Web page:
Sept 13 (Reuters) – Evacuations were underway on Monday from offshore U.S. Gulf of Mexico oil platforms as onshore oil refiners began preparing for rain and heavy winds from a second hurricane in as many weeks.
Hurricane Nicholas was taking aim at the central Texas coast with 75 miles per hour (120 kph) winds, threatening to bring heavy rain to Texas and parts of Louisiana still recovering from Hurricane Ida.
Life-threatening flash floods from up to 12 inches of rain are possible along the upper Texas coast to southwest Louisiana. Nicholas intensified into a category one hurricane late Monday but is not expected to strengthen further, the National Hurricane Center said.
Nicholas is the second cyclone to threaten the U.S. Gulf Coast energy complex in recent weeks. Hurricane Ida wreaked havoc on oil production and refining facilities in late August and early September. Some 113,000 Louisiana homes and businesses have been without power since Ida struck.
More than 40% of the U.S. Gulf of Mexico’s oil and gas output remained offline on Monday, two weeks after Ida slammed into the Louisiana coast, according to offshore regulator Bureau of Safety and Environmental Enforcement (BSEE). read more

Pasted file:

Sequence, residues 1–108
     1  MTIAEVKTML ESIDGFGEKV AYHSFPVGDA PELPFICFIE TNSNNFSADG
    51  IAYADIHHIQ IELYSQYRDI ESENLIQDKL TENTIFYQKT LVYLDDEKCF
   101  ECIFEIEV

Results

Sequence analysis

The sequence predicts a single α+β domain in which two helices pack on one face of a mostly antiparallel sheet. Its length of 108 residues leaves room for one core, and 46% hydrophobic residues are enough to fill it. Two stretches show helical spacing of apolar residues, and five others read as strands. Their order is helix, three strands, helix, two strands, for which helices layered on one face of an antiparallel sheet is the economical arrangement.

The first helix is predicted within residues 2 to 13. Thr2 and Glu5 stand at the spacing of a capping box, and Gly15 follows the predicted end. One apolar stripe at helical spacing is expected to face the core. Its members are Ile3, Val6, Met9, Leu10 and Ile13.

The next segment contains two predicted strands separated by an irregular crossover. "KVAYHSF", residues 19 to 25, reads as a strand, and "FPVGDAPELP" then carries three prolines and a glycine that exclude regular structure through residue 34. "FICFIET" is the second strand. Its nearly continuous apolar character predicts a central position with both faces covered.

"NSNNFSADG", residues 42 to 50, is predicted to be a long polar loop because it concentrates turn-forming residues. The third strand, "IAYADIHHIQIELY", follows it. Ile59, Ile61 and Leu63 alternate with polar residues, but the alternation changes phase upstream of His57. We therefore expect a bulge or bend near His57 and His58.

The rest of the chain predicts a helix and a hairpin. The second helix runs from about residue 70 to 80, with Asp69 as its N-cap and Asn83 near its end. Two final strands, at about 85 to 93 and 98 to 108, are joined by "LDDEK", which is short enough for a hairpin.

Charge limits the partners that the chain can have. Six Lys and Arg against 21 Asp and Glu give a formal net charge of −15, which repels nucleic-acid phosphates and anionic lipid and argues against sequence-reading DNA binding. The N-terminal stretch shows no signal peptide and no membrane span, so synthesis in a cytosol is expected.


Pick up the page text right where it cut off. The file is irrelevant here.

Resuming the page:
Damages to an offshore hub that pumps oil and gas from three major oilfields for processing onshore and power outages at onshore processing plants are responsible for the production losses.
Royal Dutch Shell (RDSa.L) said it had begun evacuating non-essential personnel from its Perdido platform, which was unaffected by Ida. Occidental Petroleum Corp (OXY.N) said it was implementing procedures to safeguard workers, signaling its own offshore evacuations.
Shippers were warned of hurricane-force winds at oil export terminals on the Texas coast. The Houston Ship Channel, a 53-mile (85 km) waterway crucial to oil and fuel exports, halted all traffic, and the Aransas-Corpus Christi pilots suspended activities due to heavy seas.
There were 55,000 homes and businesses without power late Monday, according to tracking website PowerOutage.com.
“The big thing is going to be the rain. It’s going to be a slow-moving storm. When storms move at 5 of 8 miles per hour it can take a while for them to clear out,” said Phil Klotzbach, a researcher at Colorado State University.
U.S. crude oil futures rose at the open in Asia on Tuesday after climbing 1% on Monday to $70.45 a barrel on continued disruptions to offshore production.
Oil imports and exports face potential delays from Nicholas. Vessels that were unable to load or discharge during Ida could be prevented from reaching ports again, shippers said.
The first supertanker scheduled to dock since Ida at the Louisiana Offshore Oil Port (LOOP), the largest U.S. privately owned terminal for crude exports and imports, has yet to load, according to Refinitiv Eikon vessel tracking.